Last month, we shared a cool recipe for an affordable 347ci stroker small-block from Trans Am Racing and Summit Racing Equipment. We learned that you don't have to sell the farm to get good street power in a classic Mustang. All you need is a solid, well-machined 302 block with wide main caps and ARP studs, a stud girdle, and a stroker kit. Our logic is simple. You can fit 294 or 306 ci of displacement within eight 4.030-inch bores. However, for about the same amount of money (by eliminating the machining costs on the stock crank and rods), you can stuff 331 or 347 ci in there to make more torque and horsepower. And torque is what counts on the street.
When increasing an engine's stroke, you gain torque by mechanical advantage. It's like moving the fulcrum to gain leverage to lift a heavy load. By increasing displacement to introduce more volume above the piston, a larger mass of air and fuel is ignited, which is like packing more gunpowder into a bullet shell.
Mark Jeffrey at Trans Am Racing knows how to make power. His successful dyno experiences net tremendous amounts of power, not to mention reliability. For Mark, it's good, old-fashioned horse sense. The Budget 347 here isn't an extraordinary engine with special parts. It's a run-of-the-mill small-block that Mark is building for a customer using off-the-shelf parts from Trans Am Racing, Summit Racing Equipment, Edelbrock, and Comp Cams.
Mark is working with Holley's 4150 carburetor with primary and secondary metering blocks,
When Mark goes to the dyno at Westech Performance Group, he's not afraid to try different things-timing adjustments, jet changes, cam and rocker arm swaps, carburetor and manifold swaps, valve lash adjustments, and more. Mark uses his own custom-made dyno headers because he wants to make the most of breathing and scavenging. He understands that small primary tubes can choke off horsepower. He also knows that going too large can lose backpressure and torque. Mark's headers, designed specifically for dyno use, achieve a nice balance between torque and horsepower.
One cool thing about Trans Am Racing's 347 stroker is its 10.8:1 compression ratio for 91-octane pump gas. Mark achieves this by thermal coating the piston domes and valves to protect them from extreme heat. Although this seems like a solution for a high-compression engine on pump gas, it's a gamble in terms of durability in a street engine you intend to run hard. If 10.8:1 compression makes you a little nervous, consider lowering the ratio to 10.0:1, along with a richer mixture and more conservative ignition timing for improved durability.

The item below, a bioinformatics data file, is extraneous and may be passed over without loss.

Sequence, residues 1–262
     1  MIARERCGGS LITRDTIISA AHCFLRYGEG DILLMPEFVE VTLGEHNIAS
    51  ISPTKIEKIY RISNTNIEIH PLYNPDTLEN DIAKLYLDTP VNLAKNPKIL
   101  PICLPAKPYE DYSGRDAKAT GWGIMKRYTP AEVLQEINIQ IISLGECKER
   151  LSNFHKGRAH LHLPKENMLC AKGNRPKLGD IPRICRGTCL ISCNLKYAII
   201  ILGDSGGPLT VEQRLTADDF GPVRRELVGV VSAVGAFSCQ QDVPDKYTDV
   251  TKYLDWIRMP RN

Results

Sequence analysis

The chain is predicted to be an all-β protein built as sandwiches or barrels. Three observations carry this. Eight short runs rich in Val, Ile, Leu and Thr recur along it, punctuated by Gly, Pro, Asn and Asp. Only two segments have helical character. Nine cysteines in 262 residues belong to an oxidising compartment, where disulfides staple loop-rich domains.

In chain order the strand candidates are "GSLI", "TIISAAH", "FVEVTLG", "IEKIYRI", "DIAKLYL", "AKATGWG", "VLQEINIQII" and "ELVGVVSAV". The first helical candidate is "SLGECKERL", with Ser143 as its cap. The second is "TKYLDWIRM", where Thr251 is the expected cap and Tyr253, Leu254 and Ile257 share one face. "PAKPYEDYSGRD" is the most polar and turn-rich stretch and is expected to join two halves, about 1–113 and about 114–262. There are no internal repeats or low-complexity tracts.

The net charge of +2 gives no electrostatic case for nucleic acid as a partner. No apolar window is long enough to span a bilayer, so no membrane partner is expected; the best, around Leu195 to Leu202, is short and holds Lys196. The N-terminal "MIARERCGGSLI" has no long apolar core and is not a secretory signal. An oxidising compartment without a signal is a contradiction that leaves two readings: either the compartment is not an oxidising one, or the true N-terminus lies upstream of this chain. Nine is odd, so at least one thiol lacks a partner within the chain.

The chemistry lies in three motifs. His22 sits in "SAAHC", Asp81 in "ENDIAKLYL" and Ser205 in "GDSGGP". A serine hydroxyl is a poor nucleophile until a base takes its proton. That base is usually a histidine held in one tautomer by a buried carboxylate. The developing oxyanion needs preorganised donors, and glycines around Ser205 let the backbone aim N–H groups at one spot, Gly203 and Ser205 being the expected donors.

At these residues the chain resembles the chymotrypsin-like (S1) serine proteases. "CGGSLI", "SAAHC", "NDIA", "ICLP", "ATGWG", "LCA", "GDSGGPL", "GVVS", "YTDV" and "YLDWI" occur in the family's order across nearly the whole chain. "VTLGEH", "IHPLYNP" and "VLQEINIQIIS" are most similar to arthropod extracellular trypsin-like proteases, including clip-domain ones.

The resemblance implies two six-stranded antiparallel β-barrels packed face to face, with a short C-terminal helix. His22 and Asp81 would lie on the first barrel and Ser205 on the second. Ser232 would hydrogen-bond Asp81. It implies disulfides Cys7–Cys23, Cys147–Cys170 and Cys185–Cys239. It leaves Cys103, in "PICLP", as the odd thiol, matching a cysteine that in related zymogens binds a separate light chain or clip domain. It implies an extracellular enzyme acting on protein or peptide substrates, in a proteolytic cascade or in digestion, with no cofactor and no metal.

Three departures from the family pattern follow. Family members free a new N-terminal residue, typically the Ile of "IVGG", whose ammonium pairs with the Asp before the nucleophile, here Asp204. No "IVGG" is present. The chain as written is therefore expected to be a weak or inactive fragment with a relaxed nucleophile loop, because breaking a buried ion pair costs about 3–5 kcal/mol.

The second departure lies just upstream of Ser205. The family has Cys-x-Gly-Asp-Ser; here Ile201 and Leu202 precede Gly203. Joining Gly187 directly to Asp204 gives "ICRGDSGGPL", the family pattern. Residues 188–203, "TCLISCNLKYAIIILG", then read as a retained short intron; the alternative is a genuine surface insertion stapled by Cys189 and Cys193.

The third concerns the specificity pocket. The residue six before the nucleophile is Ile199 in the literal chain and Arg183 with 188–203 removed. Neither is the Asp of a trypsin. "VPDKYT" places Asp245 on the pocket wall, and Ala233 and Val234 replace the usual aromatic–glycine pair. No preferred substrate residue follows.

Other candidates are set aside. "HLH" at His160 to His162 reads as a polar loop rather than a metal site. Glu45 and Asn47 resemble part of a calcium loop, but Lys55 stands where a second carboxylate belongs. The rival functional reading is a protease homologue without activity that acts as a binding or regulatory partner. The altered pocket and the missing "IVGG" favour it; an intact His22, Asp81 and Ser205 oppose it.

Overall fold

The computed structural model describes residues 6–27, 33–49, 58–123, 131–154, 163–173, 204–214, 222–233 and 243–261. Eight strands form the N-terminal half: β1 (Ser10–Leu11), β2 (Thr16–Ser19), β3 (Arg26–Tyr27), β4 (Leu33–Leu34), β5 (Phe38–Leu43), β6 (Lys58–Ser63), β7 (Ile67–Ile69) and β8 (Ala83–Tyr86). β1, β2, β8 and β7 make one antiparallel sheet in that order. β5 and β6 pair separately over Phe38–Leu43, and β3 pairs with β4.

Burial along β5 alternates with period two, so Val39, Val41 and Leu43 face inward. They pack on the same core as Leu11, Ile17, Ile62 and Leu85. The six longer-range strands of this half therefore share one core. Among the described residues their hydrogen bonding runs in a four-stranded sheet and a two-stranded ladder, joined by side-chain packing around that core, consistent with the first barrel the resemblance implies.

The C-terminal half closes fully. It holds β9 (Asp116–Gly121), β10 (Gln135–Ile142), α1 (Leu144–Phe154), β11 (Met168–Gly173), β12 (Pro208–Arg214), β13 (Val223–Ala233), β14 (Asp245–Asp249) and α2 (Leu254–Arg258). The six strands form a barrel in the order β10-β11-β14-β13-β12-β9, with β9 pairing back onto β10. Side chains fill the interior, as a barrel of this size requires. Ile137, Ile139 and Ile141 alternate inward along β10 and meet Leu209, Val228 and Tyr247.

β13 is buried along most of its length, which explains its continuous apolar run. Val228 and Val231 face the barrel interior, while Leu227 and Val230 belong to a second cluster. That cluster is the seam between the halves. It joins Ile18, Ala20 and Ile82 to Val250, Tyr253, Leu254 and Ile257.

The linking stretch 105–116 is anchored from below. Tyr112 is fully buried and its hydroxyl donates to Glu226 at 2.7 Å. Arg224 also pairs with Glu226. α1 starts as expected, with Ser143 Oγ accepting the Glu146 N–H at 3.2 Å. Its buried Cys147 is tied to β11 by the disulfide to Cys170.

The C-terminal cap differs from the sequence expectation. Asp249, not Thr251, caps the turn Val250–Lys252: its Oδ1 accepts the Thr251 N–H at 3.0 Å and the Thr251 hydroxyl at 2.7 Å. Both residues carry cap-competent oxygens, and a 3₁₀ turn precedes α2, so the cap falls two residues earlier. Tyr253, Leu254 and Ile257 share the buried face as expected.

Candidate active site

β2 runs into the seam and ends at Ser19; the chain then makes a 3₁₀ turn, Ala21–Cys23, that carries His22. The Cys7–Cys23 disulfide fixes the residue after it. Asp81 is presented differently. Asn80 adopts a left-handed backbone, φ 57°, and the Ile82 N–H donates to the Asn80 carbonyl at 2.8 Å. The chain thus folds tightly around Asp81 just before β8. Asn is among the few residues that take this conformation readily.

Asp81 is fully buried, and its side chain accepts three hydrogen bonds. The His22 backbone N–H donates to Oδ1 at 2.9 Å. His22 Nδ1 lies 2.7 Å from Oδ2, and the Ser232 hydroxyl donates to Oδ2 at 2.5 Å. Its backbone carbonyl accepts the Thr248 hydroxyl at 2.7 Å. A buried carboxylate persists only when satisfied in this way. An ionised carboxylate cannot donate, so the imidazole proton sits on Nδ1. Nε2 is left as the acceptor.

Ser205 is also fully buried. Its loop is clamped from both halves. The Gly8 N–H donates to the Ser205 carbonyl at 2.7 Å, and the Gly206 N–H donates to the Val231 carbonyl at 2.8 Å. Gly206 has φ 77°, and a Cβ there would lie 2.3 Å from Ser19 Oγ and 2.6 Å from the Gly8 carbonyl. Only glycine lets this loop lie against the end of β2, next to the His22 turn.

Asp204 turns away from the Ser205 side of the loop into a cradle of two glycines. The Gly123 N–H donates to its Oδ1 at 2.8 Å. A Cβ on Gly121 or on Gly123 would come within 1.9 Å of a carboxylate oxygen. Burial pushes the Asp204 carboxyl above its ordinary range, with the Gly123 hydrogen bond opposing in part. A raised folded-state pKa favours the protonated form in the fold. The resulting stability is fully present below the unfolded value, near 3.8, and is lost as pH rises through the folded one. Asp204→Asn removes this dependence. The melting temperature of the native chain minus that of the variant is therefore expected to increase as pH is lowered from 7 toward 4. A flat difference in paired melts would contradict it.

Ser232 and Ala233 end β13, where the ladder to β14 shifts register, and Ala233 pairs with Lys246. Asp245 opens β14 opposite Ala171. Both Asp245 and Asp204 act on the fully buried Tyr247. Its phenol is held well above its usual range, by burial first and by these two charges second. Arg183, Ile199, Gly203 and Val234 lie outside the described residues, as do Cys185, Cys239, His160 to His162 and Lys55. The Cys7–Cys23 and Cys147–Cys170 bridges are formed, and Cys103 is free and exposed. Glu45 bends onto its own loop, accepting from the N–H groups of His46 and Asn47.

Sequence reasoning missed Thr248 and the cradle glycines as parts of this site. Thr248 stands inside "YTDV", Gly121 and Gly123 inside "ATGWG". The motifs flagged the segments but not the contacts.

Mark uses his own design dyno headers with 21-inch extensions, which work very well at hig
Mark says there are many elements to making power. "Searching for the perfect air/fuel ratio can be a little tricky, especially when choosing a carburetor." He also says that jet size, air bleeds, metering blocks, power valve type, and primary and secondary circuits must all be addressed in order for the fuel system to perform properly. One of the biggest challenges, Mark tells us, is the transition from idle to power circuit. He goes on to say, "We started our pulls by making short passes to establish a baseline fuel curve. This gave us a good starting point to determine what the carburetor is doing off idle and with a light load. We found we were a little on the lean side at 13.9 to 14.2:1. Westech determined we needed to go three jet sizes larger in the primaries. After performing two jet-check runs to verify our jet change, we brought our air/fuel ratio to a safe 12.7:1. This enabled us to make the pulls without worrying about engine damage from a lean condition."
Mark tells us there was more to this dyno test session than wide-open throttle pulls. He also had Westech Performance "drive" the engine in a simulated experience of acceleration and deceleration. Mark wanted to know how this engine would perform on the street under actual driving conditions.